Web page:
Green roofs equal energy savings
Green roofs are exactly what they sound like, plants on your roof. There are two basic types, Extensive and intensive, the definition is dictated by soil depth. Below four inches is Extensive and above four inches is intensive.
Vegetated roofs also lengthen the life span of a roof two to three times, an obvious cost savings. Let alone that’s less petroleum products used to make rubber roofs saving even more energy and resources. By being covered the roof no longer contributes to heat island affect.
Heat Island is where higher temperatures are recorded in urban areas as a result of darkly covered heat soaked roofs pouring heat off them all day and even into the night. The many roofs of this nature in a concentrated area actually increases air temperatures adding insult to injury during hot summer months and increasing utility costs as people combat the excessive heat. Let alone during dangerous heat emergencies when temperatures have been noted to exceed 100 degrees many elderly and young are at greater risk from heat stroke and other conditions that needlessly take lives every year. If more green spaces were added, on the ground as well as on the roof tops, the temperatures over all again could be reduced.
Storm water mitigation
Green roofs mitigate storm water; studies have shown a four depth green roof can hold back up to 60 to 70 percent of a one inch rain which can lower your storm and sewer bills. This in turns means thousands of gallons not entering storm sewers.
Co2 / Global Warming / Habitats
Now whether you believe in Global Warming or not, it is not a debate we have time to have today. Let alone its causes, human, planetary cycle and so on. The many merits already explained should be sufficient to understand the benefits of a green roof. If you’re riding the fence on Global warming or need a trusted source let me share with you what National Geographic states.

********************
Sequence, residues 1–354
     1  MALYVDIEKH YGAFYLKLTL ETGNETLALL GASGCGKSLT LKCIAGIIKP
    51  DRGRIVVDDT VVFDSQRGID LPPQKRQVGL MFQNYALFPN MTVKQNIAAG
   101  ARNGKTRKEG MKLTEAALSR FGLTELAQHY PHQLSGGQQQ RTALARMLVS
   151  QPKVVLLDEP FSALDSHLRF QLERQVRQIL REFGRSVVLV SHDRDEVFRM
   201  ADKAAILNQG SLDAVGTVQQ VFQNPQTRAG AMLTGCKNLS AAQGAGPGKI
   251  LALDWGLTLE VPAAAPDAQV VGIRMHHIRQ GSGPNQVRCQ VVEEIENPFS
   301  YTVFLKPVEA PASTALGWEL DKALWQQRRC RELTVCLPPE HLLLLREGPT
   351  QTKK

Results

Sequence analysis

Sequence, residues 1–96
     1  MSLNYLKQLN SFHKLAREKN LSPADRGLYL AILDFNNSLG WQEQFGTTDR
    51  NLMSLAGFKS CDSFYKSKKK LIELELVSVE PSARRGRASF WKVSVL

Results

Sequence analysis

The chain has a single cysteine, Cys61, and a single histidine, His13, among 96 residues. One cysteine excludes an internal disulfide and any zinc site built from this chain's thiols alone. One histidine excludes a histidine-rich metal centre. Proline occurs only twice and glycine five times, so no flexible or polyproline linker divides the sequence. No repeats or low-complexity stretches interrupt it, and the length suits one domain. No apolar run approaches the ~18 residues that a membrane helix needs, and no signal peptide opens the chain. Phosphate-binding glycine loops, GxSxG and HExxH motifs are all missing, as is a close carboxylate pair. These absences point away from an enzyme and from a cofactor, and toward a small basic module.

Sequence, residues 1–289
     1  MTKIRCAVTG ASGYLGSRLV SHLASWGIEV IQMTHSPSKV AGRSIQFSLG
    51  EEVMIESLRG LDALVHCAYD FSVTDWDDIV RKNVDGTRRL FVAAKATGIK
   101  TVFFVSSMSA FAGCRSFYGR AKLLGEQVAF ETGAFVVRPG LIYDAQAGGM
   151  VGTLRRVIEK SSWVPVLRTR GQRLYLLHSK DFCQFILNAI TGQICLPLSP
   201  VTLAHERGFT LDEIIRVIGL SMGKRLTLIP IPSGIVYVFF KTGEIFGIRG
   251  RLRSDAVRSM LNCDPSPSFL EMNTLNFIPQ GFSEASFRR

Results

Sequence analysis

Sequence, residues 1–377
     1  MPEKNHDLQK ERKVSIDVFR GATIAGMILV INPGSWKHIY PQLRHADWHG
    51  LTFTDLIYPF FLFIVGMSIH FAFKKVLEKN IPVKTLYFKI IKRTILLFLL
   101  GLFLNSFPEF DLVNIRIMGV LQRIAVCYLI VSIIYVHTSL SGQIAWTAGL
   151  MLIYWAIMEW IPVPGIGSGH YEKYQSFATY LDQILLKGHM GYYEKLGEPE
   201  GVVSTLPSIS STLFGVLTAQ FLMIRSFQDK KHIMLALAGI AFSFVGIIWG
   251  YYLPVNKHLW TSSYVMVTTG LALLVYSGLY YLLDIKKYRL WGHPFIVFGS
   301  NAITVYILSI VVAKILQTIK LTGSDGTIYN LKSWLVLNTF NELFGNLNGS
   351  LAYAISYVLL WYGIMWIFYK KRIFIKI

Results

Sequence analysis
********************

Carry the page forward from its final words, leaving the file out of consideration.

Industrialization, deforestation, and pollution have greatly increased atmospheric concentrations of water vapor, carbon dioxide, methane, and nitrous oxide, all greenhouse gases that help trap heat near Earth’s surface. Humans are pouring carbon dioxide into the atmosphere much faster than plants, forest, and the ocean can absorb.
It’s the base symbiotic relationship we have with our plants and forest, we provide CO2 by our very breath, in turn they provide oxygen. By providing more plants, you inherently reduce CO2. The more plants, the better reductions of CO2 waste.
Also there are federal guidelines about quantities of CO2 corporations via factories and manufacturing are allowed to emit, it is a reasonable assumption that potential credits to use or sell are not too far off in the future. All of these reasons are worthy enough taken individually but combined it becomes apparent that the merit and impact are there in positive waves.
Green Roofs are also natural habitats for indigenous species. One of the largest Green Roofs in North America is at an auto plant in Michigan. Still growing strong years after its initial planting one of the fun aspects for staff is watching each spring for new hatchlings from the many birds’ nests that have been built upon space that once was a barren black top roof. LEED Points are also available for habitat creation.